Sometimes, a story will surprise you with its realness. Take Deanna Kizis’s Finishing Touches, for example. It starts with three friends – bossy Bryn, elegant Cecile, and Jesse, the narrator, who describes herself as a “cheerleader friend.” Jesse, who believes that she’s not as pretty or exceptional as her two best friends, is content to bask in their glow. They’re both married; Jesse can’t settle down. Jesse is obviously a talented interior decorator but is stuck toiling for a boss who doesn’t appreciate her.
Then Cecile dies, suddenly, in a car wreck. At first, we think we know where this will go, that it will be a story about how death forces the living to change their circumstances. That’s kind of it, but not exactly. After the accident, Jesse becomes close with Cecile’s widower, Zach, much to the chagrin of their friends and family. Again, we think we know where it’s going, but Kizis keeps surprising the reader.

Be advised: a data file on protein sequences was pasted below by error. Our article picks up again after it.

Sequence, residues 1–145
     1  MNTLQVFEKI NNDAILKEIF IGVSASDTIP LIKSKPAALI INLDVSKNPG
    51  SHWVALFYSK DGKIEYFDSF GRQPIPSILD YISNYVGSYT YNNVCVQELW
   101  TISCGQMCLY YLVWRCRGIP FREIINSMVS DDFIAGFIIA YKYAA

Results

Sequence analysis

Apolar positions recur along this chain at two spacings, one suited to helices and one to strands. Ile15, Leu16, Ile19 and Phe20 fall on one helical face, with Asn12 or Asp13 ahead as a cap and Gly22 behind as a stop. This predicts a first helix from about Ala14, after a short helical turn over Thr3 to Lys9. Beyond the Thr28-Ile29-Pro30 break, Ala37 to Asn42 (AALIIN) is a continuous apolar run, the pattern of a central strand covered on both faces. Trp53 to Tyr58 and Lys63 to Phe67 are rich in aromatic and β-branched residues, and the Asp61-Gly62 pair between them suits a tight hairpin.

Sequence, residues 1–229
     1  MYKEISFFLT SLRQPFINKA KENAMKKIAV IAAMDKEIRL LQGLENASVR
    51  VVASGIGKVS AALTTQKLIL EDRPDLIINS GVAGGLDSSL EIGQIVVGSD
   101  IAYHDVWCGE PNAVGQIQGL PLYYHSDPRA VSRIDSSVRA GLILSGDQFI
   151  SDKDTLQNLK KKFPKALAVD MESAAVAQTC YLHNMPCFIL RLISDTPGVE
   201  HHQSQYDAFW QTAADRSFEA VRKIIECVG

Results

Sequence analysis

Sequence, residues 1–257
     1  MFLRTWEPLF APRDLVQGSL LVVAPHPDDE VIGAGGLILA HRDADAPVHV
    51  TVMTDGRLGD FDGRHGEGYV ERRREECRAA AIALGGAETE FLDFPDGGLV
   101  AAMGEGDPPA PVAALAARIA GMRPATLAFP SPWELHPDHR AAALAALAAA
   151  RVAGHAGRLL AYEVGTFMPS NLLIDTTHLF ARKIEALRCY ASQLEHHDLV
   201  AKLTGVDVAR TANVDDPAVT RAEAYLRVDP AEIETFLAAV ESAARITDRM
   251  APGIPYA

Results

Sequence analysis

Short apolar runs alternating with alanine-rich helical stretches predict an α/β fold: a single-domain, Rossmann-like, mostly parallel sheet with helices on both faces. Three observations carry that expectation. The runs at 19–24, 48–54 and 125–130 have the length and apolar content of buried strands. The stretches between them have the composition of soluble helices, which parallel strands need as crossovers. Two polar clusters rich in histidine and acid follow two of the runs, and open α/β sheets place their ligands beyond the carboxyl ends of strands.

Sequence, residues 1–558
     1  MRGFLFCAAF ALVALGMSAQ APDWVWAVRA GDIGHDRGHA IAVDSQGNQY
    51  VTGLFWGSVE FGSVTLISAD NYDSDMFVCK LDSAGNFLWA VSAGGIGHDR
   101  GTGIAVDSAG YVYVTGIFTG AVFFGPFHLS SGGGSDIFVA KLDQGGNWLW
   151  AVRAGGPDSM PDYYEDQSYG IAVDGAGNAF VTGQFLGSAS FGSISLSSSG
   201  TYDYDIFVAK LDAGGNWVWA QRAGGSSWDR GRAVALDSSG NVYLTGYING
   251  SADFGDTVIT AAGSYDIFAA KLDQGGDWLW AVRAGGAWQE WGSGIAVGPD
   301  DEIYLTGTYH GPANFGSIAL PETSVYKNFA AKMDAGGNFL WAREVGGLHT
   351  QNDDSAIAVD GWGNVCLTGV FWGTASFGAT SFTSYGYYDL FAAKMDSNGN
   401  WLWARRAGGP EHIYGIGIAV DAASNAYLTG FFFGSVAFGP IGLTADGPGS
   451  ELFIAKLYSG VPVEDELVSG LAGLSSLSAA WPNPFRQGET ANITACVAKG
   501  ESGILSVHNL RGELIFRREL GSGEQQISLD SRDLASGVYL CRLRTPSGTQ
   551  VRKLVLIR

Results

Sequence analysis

Her characters do a remarkable thing. They don’t just trot along, doing what the plot requires of them. They act like people. They’re complicated, funny, sad and not always likable. That’s particularly true of Jesse, a woman who slowly, subtly grows up throughout the course of the novel. Kizis also captures the subtle power plays in female friendships, and how hurting your friends doesn’t necessarily make you a bad person. Finishing Touches is smart, never insulting and always entertaining. It doesn’t always go where we think it will go, but it always takes the reader in interesting directions.